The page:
Black negates light and stamps out all the colours of the spectrum the combination of which produces white. Hence, while white symbolizes light, black stands for darkness, which makes this colour all the more fascinating. Perhaps this was the logic behind the title of Gandhara Art gallery’s recently-concluded exhibition, Beneath the Black Part-2. It featured nine artists — some absolutely new names —most of whom work from the much-maligned city of Calcutta. It must be added that they restored faith in the considerable strengths and abilities of local practitioners.
Among them is the low-key, mid-career artist, Debnath Basu, who, in spite of his considerable talent, hardly gets the attention he most certainly deserves. The medium he has chosen to create his delightfully perverse ashen grey universe is graphite, which few artists use, definitely not with such panache. These medium-sized rectangles of a muted, undifferentiated leaden hue try their best to crawl back into the woodwork, so to speak.
When one comes closer, however, a pullulating megalopolis is revealed where all manner of human beings are engaged in variegated unspeakable and absurd acts, which, not surprisingly, are quite comical, reminding one, as they do, of the drawings of Sukumar Ray, the magical world of Hieronymus Bosch and Brueghel’s grotesque faces. Basu’s drawings and texts (some reverse), which evolved from scribbles, are surprisingly detailed, and their black humour born of darkness and despair finds a parallel in the dystopic vision of novelist Nabarun Bhattacharya. Their bleak and comfortless worldview, which springs specifically from the catastrophe that is contemporary Calcutta, brings together the artist and the writer.
In this exhibition, however, Basu had created giant charcoal grey Valentine’s Day cards (picture) bristling with his miniature oddities and sundry other bizarrerie. Calcutta could be limbo in which its denizens are trapped without any hope of escape.
Delhi-based Mithu Sen’s work titled Life Long and featuring a strand of hair “40 ft long” wound around a thread pool, attached to a glass funnel and displayed on a slab of marble, is something of a conundrum like many of this artist’s work. One realizes this the moment one claps eye on this contraption and on reading the lines displayed above it — a riddle about the rate of hair growth and dead cells. Perhaps some of the deeper meaning Sen tried to imply got lost in the manner it was displayed. This gap between concept and execution is one of the pitfalls of such work which evolved mainly from the realm of ideas.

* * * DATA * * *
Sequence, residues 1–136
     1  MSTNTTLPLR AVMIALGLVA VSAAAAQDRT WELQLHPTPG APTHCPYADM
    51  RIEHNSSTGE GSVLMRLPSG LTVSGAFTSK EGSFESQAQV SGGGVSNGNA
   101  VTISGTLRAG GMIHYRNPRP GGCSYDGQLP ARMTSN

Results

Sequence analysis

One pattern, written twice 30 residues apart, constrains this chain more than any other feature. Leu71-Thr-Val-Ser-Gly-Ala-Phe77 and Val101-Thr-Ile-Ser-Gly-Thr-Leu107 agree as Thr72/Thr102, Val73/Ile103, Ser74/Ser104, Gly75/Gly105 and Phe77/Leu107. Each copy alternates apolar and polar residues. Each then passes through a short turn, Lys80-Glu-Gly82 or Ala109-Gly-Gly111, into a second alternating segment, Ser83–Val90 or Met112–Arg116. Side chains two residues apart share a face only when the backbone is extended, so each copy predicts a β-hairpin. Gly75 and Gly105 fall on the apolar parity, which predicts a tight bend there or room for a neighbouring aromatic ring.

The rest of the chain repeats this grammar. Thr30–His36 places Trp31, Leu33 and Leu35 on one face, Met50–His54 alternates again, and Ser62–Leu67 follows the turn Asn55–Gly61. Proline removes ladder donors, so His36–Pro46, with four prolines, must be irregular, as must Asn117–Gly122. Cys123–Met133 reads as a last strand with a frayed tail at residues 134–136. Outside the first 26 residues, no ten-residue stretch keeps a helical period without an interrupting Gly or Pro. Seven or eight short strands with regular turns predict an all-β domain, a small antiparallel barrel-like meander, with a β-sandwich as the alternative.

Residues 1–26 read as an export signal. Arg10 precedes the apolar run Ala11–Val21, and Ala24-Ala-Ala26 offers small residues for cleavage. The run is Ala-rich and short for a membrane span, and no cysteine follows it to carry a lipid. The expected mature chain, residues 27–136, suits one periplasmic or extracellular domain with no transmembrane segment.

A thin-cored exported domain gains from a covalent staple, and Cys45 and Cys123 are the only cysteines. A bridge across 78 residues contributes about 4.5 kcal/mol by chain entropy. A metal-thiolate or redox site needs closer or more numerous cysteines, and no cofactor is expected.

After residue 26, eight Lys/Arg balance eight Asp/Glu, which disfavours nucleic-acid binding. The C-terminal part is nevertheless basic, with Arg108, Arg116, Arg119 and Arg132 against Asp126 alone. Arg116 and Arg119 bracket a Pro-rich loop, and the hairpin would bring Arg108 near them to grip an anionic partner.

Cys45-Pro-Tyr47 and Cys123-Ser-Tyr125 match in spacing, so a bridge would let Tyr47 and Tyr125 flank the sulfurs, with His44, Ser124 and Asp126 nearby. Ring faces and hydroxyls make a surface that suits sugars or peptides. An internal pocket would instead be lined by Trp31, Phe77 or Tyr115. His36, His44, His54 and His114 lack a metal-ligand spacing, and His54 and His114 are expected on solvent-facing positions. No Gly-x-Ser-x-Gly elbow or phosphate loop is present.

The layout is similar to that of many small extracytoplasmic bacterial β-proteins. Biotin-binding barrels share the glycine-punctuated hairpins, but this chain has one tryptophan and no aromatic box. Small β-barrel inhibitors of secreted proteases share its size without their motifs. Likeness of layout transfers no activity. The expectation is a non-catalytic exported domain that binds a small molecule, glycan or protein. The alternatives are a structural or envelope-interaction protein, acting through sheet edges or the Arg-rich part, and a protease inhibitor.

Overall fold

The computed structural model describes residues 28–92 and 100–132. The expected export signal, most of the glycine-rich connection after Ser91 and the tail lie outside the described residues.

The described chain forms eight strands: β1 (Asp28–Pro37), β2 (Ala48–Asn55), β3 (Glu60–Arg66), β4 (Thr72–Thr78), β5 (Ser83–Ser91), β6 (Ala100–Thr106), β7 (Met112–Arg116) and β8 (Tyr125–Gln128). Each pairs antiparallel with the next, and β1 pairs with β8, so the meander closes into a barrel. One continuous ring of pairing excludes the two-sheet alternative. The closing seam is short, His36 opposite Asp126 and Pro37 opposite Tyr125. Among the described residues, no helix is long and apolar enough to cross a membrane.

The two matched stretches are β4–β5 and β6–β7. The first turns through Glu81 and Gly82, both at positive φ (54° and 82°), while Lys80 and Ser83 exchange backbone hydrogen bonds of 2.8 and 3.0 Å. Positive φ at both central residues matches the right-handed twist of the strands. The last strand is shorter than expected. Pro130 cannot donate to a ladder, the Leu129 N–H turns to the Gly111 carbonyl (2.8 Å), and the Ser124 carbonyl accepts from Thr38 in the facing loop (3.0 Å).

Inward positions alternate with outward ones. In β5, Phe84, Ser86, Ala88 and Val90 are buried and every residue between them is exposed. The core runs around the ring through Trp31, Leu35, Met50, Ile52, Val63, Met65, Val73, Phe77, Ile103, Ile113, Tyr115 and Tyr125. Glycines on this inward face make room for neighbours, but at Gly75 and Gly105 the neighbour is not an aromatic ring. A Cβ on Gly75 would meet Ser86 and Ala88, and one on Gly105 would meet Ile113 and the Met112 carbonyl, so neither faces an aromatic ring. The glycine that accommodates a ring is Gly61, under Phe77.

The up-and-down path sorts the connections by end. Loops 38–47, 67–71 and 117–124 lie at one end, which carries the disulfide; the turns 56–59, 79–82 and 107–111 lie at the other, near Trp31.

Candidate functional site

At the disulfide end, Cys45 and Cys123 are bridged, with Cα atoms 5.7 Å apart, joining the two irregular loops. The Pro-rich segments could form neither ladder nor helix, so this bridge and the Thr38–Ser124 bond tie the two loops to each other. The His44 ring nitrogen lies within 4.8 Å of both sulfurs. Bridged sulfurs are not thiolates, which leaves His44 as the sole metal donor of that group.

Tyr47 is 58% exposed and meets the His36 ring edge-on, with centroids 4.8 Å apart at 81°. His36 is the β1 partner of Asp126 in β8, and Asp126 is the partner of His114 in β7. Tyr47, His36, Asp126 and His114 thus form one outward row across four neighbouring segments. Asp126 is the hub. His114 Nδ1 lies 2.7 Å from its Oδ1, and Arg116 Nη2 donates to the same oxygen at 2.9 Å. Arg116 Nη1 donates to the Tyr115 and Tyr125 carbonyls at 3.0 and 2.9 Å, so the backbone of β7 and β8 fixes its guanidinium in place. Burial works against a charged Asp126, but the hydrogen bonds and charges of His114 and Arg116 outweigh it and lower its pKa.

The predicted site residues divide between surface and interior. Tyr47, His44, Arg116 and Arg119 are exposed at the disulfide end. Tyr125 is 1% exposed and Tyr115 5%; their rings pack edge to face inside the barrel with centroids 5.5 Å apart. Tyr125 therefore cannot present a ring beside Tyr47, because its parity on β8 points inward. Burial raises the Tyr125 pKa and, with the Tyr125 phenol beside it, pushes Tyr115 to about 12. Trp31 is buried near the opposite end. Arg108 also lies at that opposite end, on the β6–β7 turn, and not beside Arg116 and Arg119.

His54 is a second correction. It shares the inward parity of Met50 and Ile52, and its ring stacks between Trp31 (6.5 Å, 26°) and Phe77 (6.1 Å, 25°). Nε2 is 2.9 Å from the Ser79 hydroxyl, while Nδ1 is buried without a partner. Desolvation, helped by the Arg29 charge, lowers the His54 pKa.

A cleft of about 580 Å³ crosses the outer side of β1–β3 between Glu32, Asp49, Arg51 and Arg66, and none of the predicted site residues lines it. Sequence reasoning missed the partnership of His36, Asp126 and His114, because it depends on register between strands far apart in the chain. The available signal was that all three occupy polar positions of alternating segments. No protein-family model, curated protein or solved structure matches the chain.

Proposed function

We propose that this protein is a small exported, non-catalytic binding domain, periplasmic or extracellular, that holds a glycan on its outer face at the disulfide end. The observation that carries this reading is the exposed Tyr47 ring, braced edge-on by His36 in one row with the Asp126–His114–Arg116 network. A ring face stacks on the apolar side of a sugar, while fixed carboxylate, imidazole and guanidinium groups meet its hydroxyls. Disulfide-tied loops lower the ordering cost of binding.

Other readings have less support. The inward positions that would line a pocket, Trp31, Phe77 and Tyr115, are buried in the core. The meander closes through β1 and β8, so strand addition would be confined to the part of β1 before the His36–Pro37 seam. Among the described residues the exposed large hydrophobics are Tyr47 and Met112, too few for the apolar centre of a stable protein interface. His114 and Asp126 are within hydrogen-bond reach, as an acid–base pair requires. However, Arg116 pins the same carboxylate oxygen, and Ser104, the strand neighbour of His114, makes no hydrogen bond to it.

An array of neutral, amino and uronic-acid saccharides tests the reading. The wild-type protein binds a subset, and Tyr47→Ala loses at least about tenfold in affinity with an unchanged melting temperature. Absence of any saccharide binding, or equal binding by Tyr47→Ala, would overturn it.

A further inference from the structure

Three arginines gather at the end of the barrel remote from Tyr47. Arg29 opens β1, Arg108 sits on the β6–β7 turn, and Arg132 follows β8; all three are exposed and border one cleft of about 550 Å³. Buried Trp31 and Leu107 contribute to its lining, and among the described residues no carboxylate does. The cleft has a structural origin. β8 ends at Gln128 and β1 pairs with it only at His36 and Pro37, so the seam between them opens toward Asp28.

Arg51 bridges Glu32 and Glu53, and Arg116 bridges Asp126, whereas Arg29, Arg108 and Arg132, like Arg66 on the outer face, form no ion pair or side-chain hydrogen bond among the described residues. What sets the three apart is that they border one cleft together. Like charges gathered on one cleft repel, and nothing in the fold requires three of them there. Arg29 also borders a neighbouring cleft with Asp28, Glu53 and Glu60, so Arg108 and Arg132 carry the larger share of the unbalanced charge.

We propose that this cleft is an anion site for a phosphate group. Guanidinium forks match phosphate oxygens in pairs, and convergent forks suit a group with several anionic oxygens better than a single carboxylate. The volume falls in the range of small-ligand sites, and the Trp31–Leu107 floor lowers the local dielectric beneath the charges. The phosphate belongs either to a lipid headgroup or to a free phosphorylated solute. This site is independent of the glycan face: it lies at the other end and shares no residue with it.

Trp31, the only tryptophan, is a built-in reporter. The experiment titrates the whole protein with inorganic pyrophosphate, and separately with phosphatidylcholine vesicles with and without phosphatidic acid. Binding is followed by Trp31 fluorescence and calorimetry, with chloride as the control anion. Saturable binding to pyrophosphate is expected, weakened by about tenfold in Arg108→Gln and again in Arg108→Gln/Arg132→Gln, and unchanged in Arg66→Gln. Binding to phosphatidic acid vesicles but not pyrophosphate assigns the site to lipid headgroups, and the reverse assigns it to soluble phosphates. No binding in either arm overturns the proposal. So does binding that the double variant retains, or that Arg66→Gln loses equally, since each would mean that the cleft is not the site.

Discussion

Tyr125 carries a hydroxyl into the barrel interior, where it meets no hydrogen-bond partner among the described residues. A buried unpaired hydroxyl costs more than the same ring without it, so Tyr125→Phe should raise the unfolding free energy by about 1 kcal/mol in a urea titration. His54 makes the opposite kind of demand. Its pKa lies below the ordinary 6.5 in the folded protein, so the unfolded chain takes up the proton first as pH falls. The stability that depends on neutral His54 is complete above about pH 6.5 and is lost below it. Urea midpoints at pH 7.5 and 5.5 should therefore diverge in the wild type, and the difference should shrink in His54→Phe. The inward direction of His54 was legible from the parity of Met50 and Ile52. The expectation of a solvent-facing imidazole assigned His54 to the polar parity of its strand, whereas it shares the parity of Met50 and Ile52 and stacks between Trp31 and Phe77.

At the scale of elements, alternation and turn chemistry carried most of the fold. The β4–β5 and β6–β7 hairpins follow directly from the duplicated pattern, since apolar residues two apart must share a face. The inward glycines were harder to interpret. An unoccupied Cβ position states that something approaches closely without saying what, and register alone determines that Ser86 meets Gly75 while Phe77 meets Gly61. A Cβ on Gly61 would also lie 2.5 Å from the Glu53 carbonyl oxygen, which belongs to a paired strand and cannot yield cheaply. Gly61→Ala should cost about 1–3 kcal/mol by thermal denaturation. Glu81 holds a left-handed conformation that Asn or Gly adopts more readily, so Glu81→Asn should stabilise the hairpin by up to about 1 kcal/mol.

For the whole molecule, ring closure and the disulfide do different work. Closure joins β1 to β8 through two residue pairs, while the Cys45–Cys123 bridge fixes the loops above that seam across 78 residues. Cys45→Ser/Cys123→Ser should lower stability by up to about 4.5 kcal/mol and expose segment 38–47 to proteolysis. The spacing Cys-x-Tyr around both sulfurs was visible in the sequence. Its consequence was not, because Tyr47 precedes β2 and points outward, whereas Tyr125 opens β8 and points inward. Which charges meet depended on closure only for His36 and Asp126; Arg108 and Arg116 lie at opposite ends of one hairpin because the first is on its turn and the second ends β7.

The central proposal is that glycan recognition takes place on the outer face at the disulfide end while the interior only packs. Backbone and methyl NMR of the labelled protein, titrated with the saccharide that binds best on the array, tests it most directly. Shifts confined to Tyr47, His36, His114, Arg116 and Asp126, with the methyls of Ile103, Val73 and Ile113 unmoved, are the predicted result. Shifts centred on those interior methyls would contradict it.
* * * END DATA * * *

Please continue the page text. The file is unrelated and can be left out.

The works of Adip Dutta and Jayashree Chakravarty were nothing beyond expectations, their technical perfection notwithstanding. Amritah Sen was always adept at making books and cutouts, and humour — often sardonic — is her forte. Her drawings are quite cartoonish and may seem flippant but her choice of subject makes her serious intent quite clear. The paranoia — anything from herpetophobia to agoraphobia — that pervades our world becomes adequately clear from the mock advertisements, the book with accordion pleats, and various other artefacts she created. She co-opts the visuals of advertisements, graffiti and comics only to poke fun at them. Her work looks sophisticated, stylish and striking, with its splashes of black and brown and hot luscious pink. But she is not afraid of vernacular idioms either, as the drawing of the repentant individual tweaking his/her own ear and simultaneously sticking out his/her tongue proves.
The striking black-and-white works of Sambaran Das revert to the style of bazaar woodcuts, which once proliferated in the city and threw the Kalighat patuas out of business. Young Sambaran Das is from Rabindra Bharati University and is a powerful draughtsman, a quality that was very much in evidence at his earlier exhibition in 2012. He could be referencing late 19th and early 20th century prints but his focus is contemporary Calcutta in a more obvious way than Debnath Basu’s drawings.
Das pitches the drama very high, but then there is no shortage of such delirious excitement in the streets of this chaotic city. Nightmare Calcutta comes alive as the city’s presiding deity (who else could the naked lady be?) drinks blood from the decapitated head of a motorcycle smash-up victim, holding a bottle of whisky in her free hand, a lorry and mini-bus with a Kali icon on its dashboard collide head-on, and a mobster is being placated by a henchman. As in his earlier drawings, Das zeroes in on low life, but this time the refinement is gone. The posterish crudity makes Sambaran Das’s work all the more relevant.